# What is the difference between “even better”, “much better”, and “a lot better” in comparison statements?

In comparison statements, you can use "even" or "much" (or "a lot") to emphasize the degree of the adjective or adverb.

However, is there any difference between "even", "much", an "a lot"?

For example:

I can swim faster than he.

I can swim even faster than he.

I can swim a lot faster than he.

I can swim much faster than he.

What is the difference?

• It's just a question of degrees. There is the comparison to the prior statement (all of these increase speed relatively), and then there is the degree of how much faster. "even faster" implies a larger degree of speed difference, "a lot faster" moreso and "much faster" even moreso. The differences aren't quantified, they're just general and relative. You're 50 and I'm 51? I'm a little older than you. You're 20? I'm a lot older or much older than you. – Jim MacKenzie Oct 18 '17 at 17:57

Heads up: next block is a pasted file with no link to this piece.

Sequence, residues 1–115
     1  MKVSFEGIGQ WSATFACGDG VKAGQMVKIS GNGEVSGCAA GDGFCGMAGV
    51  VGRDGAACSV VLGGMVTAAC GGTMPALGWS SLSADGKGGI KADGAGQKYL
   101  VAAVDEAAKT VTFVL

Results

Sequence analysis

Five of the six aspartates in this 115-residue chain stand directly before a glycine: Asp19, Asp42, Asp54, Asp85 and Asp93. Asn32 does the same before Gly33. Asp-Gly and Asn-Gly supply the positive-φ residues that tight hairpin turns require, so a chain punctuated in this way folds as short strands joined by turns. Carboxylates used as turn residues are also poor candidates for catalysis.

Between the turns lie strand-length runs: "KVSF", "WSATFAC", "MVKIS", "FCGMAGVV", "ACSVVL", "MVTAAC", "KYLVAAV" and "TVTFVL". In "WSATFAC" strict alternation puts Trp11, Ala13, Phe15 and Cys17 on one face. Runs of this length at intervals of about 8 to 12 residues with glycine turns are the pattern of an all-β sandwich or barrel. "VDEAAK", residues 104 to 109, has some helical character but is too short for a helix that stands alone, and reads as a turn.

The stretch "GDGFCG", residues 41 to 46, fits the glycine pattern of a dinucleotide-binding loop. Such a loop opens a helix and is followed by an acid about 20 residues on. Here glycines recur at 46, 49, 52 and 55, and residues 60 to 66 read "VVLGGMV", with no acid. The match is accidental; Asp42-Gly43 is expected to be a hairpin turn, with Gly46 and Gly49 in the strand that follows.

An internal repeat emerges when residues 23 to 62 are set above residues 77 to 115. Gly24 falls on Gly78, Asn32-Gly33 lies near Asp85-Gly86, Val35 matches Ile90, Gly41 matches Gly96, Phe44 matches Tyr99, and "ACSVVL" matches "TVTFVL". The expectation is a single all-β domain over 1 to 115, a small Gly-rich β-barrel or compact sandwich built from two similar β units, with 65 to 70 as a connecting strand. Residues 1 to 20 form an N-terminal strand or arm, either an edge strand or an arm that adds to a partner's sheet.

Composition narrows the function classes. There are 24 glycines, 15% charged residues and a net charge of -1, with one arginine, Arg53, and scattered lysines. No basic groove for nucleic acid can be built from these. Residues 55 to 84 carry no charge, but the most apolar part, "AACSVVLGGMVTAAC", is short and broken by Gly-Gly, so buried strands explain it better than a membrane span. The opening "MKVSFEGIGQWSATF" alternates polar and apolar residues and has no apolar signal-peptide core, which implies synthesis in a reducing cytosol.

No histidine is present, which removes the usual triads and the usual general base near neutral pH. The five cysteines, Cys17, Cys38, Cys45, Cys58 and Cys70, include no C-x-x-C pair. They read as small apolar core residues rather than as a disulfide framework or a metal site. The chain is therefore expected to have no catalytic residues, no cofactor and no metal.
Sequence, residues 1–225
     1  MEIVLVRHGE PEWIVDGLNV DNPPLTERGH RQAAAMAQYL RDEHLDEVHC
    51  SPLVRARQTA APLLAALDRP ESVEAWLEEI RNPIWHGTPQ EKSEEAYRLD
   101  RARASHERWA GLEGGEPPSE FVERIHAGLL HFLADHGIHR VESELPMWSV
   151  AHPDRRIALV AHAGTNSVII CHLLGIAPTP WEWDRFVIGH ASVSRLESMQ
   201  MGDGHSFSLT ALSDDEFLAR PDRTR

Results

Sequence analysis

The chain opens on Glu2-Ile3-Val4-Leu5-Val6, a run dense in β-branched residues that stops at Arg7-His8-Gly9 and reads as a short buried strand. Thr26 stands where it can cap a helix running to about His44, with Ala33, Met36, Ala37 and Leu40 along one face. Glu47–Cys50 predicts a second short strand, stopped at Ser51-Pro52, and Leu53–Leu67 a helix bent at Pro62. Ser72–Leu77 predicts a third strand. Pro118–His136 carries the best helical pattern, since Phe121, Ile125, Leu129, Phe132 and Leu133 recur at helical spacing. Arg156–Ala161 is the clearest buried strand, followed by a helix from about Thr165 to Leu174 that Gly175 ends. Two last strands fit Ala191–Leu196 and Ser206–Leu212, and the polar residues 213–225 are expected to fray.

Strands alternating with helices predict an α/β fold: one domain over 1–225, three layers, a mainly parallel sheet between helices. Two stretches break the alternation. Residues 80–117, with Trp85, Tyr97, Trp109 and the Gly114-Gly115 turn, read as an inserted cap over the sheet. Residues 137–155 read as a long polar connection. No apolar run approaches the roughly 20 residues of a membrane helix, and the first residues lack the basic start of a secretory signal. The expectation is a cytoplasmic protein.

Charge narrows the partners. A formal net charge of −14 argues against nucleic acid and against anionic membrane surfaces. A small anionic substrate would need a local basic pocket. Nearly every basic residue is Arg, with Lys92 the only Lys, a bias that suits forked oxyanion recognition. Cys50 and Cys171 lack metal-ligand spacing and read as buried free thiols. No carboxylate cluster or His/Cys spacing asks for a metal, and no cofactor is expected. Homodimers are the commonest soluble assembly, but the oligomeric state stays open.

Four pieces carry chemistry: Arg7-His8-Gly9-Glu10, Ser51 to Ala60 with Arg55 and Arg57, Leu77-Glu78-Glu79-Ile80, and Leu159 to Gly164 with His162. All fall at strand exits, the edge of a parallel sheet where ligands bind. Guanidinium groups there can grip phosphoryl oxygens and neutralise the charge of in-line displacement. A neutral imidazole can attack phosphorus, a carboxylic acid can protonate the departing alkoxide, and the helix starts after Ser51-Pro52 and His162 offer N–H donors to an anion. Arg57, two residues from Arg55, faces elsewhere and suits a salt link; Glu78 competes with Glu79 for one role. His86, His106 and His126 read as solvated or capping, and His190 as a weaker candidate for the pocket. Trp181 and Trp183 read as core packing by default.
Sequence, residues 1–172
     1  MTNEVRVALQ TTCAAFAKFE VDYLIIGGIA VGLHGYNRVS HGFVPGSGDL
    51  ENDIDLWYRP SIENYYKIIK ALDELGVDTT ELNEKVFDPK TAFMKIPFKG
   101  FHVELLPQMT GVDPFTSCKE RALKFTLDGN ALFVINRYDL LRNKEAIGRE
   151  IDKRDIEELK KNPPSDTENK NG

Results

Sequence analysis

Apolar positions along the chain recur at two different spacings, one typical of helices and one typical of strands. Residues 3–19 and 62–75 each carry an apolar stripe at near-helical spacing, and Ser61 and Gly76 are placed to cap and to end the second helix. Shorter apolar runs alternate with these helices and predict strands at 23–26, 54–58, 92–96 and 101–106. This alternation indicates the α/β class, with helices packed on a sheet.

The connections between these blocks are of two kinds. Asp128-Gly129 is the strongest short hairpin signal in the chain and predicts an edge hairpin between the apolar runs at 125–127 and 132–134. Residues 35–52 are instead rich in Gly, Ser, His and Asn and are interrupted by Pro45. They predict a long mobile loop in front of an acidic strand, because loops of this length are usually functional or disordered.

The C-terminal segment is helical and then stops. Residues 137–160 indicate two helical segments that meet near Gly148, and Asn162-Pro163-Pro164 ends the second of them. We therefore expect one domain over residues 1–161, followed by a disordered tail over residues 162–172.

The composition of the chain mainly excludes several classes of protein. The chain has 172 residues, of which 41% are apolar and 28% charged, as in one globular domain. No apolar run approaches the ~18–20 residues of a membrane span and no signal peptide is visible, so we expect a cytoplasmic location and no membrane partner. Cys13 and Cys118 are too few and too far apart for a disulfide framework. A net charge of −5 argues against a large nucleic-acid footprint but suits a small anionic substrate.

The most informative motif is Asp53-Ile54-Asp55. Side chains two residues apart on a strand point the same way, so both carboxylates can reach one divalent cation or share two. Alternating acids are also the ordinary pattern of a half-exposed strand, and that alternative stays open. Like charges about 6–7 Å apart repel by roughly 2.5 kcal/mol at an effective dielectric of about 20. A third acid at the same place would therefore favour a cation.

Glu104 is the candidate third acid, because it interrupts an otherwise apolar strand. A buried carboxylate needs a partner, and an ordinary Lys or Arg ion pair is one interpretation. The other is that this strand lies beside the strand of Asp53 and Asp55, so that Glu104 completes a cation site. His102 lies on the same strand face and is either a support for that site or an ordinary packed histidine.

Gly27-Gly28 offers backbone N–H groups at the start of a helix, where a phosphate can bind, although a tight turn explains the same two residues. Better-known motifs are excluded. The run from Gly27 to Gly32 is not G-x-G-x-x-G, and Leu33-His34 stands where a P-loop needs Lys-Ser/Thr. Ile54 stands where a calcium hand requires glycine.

• @JimMacKenzie So if you order them by the degree, it is - much > a lot > even > nothing - ? – Blaszard Oct 18 '17 at 17:59
• Yes, assuming they're all comparing to the same base amount. – Jim MacKenzie Oct 18 '17 at 18:05
• In my opinion, "much" and "a lot" are the same. – Ringo Oct 18 '17 at 18:35
• I agree that "much" and "a lot" mean the same here. I also agree with Amber Hopkins' point in her answer - that "even faster" doesn't necessarily mean that there's a big gap in speed between the two swimmers. Rather it means that one of the swimmers is fast, and the other (even) faster (but not necessarily by a large amount). It's worth noting than in real life we rarely say "faster than he". It is usually either "faster than him" or "faster than he can". – rjpond Oct 18 '17 at 21:51